How are your starters? Mine is really getting active. Lots of bubbles, close together, and they come back quickly when I stir the mixture down. It also is starting to feel different when I stir. Before, it felt like stirring a cake batter, but now it feels frothy. Today, we'll add the usual ounce of flour and ounce of water and stir it occasionally.
When a starter is new, there are all sorts of yeasts and bacteria that come into it from the air, the flour, the baker's hands, and the water. In the beginning, they're all competing for survival, but the particular strains of yeast and bacteria that create a sourdough work together so well they're almost a sure bet to out-compete anything else in the mixture. Now that the bacteria and yeast are so active, there's not much chance that anything else will invade.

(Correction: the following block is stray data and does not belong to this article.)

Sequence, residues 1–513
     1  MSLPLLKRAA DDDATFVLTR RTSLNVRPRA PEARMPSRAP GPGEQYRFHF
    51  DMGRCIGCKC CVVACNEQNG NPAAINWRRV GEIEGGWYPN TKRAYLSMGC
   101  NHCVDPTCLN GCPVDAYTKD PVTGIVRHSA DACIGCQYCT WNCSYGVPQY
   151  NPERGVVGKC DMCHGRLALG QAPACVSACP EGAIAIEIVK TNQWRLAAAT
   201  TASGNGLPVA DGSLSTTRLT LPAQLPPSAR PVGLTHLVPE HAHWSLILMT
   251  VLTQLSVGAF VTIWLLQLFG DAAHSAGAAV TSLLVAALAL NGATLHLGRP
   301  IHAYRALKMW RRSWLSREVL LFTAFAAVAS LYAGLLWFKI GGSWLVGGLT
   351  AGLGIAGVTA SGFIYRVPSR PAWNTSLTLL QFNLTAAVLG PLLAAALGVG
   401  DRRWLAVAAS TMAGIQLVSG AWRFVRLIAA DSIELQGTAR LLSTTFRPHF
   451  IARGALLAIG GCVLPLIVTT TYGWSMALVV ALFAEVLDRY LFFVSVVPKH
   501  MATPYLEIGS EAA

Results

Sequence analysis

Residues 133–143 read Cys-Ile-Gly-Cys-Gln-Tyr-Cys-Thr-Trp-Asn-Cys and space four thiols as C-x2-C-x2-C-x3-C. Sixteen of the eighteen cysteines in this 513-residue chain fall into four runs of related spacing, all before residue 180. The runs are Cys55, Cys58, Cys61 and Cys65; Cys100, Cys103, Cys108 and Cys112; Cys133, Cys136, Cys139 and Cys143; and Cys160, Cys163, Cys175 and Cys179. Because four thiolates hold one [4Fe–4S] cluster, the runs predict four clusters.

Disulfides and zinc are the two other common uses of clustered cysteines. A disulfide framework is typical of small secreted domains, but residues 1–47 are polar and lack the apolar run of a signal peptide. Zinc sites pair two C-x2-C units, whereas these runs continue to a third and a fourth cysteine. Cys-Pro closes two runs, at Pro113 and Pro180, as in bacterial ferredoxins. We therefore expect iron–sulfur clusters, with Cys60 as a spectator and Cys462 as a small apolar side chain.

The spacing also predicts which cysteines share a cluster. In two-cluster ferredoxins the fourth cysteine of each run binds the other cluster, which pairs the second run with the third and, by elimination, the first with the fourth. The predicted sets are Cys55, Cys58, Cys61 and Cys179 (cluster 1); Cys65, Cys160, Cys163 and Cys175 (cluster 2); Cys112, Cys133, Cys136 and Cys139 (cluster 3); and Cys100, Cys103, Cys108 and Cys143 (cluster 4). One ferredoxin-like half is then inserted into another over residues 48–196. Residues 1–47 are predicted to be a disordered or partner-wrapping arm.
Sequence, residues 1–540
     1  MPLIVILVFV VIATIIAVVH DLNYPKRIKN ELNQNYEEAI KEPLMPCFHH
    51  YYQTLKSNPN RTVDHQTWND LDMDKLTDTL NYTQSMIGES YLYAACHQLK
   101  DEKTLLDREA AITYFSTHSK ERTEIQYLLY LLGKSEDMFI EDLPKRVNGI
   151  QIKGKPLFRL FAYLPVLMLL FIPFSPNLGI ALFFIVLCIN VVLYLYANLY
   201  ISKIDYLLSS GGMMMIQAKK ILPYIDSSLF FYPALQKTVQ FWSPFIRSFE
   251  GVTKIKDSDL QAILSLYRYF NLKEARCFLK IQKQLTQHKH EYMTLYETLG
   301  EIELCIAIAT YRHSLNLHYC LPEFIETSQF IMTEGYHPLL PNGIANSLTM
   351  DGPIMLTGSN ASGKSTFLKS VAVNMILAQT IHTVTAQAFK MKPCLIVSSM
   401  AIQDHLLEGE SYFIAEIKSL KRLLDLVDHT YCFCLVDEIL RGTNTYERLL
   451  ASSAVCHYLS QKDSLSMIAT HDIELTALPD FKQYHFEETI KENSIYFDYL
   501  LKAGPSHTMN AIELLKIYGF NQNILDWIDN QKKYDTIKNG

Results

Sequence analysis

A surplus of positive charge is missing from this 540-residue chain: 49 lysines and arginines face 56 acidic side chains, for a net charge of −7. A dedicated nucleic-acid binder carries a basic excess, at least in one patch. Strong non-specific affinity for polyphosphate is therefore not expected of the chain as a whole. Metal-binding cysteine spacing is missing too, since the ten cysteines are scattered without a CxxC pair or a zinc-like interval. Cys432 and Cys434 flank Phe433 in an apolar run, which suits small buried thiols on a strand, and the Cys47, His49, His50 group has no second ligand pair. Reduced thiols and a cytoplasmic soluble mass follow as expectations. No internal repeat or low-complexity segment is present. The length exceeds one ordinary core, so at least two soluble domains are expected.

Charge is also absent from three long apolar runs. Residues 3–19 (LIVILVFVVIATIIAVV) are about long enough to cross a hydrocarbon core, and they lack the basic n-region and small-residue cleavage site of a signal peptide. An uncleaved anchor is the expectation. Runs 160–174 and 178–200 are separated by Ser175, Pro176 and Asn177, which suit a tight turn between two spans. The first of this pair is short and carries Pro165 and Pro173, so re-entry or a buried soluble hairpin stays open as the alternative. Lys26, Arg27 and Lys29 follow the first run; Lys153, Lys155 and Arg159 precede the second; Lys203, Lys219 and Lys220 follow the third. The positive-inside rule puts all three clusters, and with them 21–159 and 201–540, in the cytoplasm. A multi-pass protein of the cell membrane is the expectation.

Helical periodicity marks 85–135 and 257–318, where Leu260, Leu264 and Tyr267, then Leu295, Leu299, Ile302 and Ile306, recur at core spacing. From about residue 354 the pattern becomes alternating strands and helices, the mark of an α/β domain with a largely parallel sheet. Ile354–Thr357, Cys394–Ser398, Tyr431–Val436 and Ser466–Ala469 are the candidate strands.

While not every sourdough culture will be wildly successful in terms of flavor, texture, rise, or any other criteria, the yeast and bacteria do a pretty good job of keeping out the types of things that could make you ill. Which is pretty amazing, if you think about it.
Go Back in Time...
Day Zero: What You'll Need »
Day 1: A Half-Ounce Flour and an Ounce of Water »
Day 2: No Feeding, Just Stirring »
Day 3: Feed Me More Flour! »
Day 4: 100% Hydration »
Day 5: Keep Feeding and Stirring! »
Day 6: Keep Stirring and Feeding! »
Day 7: Feed and Wait »
See the Future...
About the author: Donna Currie has been cooking for fun and writing for pay since the days when typewritten articles traveled by snail mail. When she combined those talents in a food column for a newspaper in her area, she realized that writing about food is almost as much fun as eating. She launched the blog Cookistry and has now joined the Serious Eats team with a weekly column about baking.